Can wealthy “impact investors” challenge the very economic system that has generated their wealth?
It may seem unlikely, but Ariel Brooks, Libbie Cohn, and Aaron Tanaka of the Center for Economic Democracy argue that it is not impossible. Their report, titled Social Movement Investing: A guide to capital strategies for community power, however, does not shy away from the question of whether impact investing is even worth the effort. Indeed, they begin with the famous Audre Lorde quote that “The master’s tools will never dismantle the master’s house.” The authors concede that “using ‘finance tools’ to upend the ‘house’ of finance capital may seem like a dubious task” (p. 4).
Impact investing often looks like what has been called the philanthropic paradox. As a report from Rockefeller Philanthropy Advisors notes, this paradox obtains when a donor seeks “to solve problems that may have been caused by the source of a donor’s wealth” (p. 25). Authors Stephen Godeke and Patrick Briaud add that, “Two examples of this paradox include Purdue Pharma and the Sackler family’s philanthropy resulting from the profits of opioids, and the negative effects on the climate coming from the Rockefellers’ oil wealth.”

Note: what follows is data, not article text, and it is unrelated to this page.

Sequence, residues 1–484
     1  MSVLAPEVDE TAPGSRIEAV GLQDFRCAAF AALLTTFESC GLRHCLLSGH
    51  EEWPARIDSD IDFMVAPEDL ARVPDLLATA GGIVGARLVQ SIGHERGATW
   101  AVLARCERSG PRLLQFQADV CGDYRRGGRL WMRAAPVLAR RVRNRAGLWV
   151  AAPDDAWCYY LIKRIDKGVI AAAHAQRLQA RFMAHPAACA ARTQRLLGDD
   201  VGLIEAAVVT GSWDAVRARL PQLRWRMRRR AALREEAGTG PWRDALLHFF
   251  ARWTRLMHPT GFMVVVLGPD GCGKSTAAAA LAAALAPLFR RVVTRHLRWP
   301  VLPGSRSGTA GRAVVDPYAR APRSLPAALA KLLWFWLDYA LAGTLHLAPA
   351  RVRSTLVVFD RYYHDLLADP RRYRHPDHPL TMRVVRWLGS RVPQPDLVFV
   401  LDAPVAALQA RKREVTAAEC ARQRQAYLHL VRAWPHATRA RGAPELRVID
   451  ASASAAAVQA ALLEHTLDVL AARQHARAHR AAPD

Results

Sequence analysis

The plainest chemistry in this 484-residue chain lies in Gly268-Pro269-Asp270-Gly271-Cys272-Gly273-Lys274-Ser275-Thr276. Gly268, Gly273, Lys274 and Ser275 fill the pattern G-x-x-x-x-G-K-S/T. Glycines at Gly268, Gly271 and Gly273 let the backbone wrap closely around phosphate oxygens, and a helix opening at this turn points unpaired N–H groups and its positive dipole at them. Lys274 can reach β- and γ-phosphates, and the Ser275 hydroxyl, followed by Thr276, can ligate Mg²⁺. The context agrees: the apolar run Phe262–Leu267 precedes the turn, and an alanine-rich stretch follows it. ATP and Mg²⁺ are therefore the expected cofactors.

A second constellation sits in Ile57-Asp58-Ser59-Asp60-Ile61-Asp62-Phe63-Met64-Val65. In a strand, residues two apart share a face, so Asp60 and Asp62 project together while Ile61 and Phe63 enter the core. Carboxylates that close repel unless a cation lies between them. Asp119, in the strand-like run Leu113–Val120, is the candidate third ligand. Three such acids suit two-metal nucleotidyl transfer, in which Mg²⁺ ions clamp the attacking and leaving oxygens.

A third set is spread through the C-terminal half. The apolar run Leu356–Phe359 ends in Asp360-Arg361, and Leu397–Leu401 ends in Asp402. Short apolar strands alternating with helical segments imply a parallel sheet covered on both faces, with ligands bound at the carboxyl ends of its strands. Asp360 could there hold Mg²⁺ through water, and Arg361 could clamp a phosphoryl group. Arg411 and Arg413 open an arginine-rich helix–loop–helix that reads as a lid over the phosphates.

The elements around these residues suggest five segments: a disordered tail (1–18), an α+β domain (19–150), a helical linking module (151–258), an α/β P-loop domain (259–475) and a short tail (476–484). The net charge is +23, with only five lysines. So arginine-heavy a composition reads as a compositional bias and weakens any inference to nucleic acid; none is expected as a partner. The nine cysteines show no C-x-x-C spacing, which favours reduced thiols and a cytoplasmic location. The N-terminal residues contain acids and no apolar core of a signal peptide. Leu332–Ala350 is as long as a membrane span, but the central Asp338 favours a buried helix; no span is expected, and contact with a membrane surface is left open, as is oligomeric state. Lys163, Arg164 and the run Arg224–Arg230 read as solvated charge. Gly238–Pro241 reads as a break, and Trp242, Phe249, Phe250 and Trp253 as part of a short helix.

So, can the master’s tools dismantle the master’s house? Brooks, Cohn, and Tanaka delve into the complexities of this question. Lorde allowed, they observe, that the master tools “may allow us temporarily to beat him at his own game, but they will never enable us to bring about genuine change. And this fact is only threatening to those…who still define the master’s house as their only source of support” (p. 5). The point, the report authors contend, is to pair impact investing with community-owned economic structures, so that the master’s house is not the only source of support. They add: “While we cannot ‘impact invest’ our way out of capitalism, a new form of impact finance that operates in alignment with grassroots social movements could become a much more forceful tool to create the world that we all desperately deserve.”
Developing a Theory of Social Movement Investing
Key to the approach that Brooks, Cohn, and Tanaka develop is to carve out “social movement investing” as a subset of the larger world of impact investing. As NPQ has noted, impact investing can have many definitions. For social movement investing, the desired impact is to grow community power. Drawing on the just transition framework developed by Movement Generation and Nwamaka Agbo’s work on restorative economics, Brooks and her coauthors identify four ways that impact investing can increase community power: 1) oppose negative practices and build positive solutions that are visionary and oppositional; 2) change the rules (e.g., through policy change); 3) divest resources from the extractive economy; and 4) invest resources in community-owned enterprises rooted in practices of a solidarity economy.